As a result of the Pearl Harbor attack 120,000 individuals of Japanese ancestry were sent to live in concentration camps from 1942 to 1945. Most were US citizens and many served in the US armed forces. These Japanese Americans were forced to give up their homes, property, and careers for indefinite and involuntary relocation. They took with them only what they could carry.
Almost 11,000 were sent to Heart Mountain, the only relocation camp in Wyoming, where they lived in barracks. The camp was surrounded by barbed wire with armed police keeping watch from guard towers. Today only a few haunting remnants of the camp can be seen along with a memorial in the form of a walking tour with eight stations explaining different aspects of life at the camp.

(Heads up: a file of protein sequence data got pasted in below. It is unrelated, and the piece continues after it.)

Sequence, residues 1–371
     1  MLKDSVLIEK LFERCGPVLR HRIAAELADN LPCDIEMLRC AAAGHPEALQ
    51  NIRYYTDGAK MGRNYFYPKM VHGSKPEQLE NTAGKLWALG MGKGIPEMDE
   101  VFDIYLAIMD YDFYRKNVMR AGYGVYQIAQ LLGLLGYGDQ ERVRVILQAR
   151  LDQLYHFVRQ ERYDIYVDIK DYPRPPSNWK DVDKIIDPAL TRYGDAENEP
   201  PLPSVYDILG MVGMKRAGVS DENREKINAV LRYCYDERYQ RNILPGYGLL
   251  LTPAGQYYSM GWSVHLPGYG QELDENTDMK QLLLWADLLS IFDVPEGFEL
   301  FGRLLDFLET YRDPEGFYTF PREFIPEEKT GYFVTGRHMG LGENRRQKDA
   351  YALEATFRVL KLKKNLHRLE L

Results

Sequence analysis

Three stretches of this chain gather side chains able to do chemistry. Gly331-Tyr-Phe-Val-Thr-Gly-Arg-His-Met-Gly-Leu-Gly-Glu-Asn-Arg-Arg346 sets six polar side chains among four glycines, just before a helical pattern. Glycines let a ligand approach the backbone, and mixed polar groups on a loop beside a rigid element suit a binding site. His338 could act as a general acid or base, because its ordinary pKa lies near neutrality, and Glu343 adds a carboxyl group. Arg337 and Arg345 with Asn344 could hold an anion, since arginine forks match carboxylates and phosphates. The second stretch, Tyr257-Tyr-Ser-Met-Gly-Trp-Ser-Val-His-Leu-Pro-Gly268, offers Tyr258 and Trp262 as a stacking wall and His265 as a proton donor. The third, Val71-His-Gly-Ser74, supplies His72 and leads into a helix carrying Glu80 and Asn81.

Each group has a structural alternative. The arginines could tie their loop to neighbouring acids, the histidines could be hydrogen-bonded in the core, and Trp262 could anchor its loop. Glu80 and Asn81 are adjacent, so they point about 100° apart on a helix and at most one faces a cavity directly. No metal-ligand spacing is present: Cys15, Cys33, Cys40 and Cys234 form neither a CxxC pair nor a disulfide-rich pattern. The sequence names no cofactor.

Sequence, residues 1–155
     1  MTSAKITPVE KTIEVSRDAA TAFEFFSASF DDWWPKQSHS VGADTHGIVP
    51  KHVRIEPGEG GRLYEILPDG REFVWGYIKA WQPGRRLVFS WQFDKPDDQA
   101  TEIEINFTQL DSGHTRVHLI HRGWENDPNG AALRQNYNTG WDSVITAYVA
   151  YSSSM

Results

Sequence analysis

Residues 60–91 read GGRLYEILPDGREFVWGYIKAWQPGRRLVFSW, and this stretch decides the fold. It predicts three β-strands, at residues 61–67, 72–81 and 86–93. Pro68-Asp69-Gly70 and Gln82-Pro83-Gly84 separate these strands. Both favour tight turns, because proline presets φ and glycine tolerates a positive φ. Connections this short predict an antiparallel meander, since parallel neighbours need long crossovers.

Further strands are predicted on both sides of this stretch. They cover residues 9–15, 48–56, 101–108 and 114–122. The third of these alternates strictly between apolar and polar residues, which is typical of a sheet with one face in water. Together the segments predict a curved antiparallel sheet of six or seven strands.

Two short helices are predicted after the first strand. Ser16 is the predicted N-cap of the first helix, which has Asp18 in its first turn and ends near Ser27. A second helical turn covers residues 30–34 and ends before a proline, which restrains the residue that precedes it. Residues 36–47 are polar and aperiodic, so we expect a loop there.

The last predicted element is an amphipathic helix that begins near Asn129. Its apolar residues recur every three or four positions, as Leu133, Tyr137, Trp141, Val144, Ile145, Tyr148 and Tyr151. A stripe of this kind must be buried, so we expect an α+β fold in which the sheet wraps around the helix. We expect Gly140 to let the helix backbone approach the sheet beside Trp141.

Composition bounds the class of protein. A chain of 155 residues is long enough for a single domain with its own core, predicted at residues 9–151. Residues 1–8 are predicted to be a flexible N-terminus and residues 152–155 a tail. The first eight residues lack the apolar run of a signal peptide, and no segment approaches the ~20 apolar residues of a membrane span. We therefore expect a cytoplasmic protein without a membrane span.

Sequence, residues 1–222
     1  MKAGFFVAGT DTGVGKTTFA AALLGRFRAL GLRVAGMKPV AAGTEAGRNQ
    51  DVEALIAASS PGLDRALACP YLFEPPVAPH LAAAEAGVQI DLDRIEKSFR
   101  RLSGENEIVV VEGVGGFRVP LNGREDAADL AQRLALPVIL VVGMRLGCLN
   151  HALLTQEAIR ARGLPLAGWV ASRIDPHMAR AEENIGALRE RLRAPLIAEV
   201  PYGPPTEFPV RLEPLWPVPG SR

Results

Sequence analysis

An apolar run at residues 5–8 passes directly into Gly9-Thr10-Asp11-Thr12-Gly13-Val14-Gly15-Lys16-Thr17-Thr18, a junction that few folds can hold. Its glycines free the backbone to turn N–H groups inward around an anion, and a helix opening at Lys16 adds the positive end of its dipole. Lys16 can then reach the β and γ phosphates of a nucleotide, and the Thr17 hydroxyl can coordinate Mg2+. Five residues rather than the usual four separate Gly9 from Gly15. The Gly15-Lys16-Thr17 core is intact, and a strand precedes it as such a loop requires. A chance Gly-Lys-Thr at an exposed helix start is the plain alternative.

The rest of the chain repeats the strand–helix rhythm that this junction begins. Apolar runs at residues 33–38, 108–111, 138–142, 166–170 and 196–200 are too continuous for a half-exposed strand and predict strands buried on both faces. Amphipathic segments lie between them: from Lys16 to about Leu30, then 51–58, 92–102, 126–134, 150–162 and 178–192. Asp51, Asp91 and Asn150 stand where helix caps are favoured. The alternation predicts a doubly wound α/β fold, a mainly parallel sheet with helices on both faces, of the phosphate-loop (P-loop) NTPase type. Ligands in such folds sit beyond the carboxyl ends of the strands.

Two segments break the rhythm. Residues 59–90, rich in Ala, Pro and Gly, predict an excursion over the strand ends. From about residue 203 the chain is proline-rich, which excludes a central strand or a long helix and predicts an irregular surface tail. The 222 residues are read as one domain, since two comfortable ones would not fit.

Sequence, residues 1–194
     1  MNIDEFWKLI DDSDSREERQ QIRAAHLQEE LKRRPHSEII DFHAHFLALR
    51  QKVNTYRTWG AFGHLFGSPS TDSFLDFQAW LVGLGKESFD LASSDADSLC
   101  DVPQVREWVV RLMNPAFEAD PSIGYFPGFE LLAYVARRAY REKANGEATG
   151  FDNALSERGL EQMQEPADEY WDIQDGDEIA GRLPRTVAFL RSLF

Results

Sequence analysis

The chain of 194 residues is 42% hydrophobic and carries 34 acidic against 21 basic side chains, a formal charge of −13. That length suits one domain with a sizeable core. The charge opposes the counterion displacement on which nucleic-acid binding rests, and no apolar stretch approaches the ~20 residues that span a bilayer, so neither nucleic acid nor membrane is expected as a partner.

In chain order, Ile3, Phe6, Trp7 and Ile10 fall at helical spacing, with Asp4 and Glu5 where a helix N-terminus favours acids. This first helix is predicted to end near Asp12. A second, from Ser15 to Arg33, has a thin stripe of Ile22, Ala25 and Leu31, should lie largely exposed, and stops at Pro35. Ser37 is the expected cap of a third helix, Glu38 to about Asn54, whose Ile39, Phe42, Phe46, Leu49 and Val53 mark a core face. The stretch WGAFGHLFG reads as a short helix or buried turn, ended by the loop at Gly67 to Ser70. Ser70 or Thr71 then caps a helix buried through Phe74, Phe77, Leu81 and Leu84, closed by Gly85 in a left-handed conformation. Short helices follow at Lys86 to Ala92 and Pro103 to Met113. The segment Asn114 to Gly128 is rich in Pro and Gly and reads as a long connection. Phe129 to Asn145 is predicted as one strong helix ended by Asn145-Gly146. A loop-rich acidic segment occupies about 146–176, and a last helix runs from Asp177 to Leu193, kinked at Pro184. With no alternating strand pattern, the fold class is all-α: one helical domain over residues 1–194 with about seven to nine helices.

This visit was certainly a very moving experience, it was eerie to walk among the abandoned buildings. Learning about the history and conditions of the camp was an eye opener and quite thought provoking.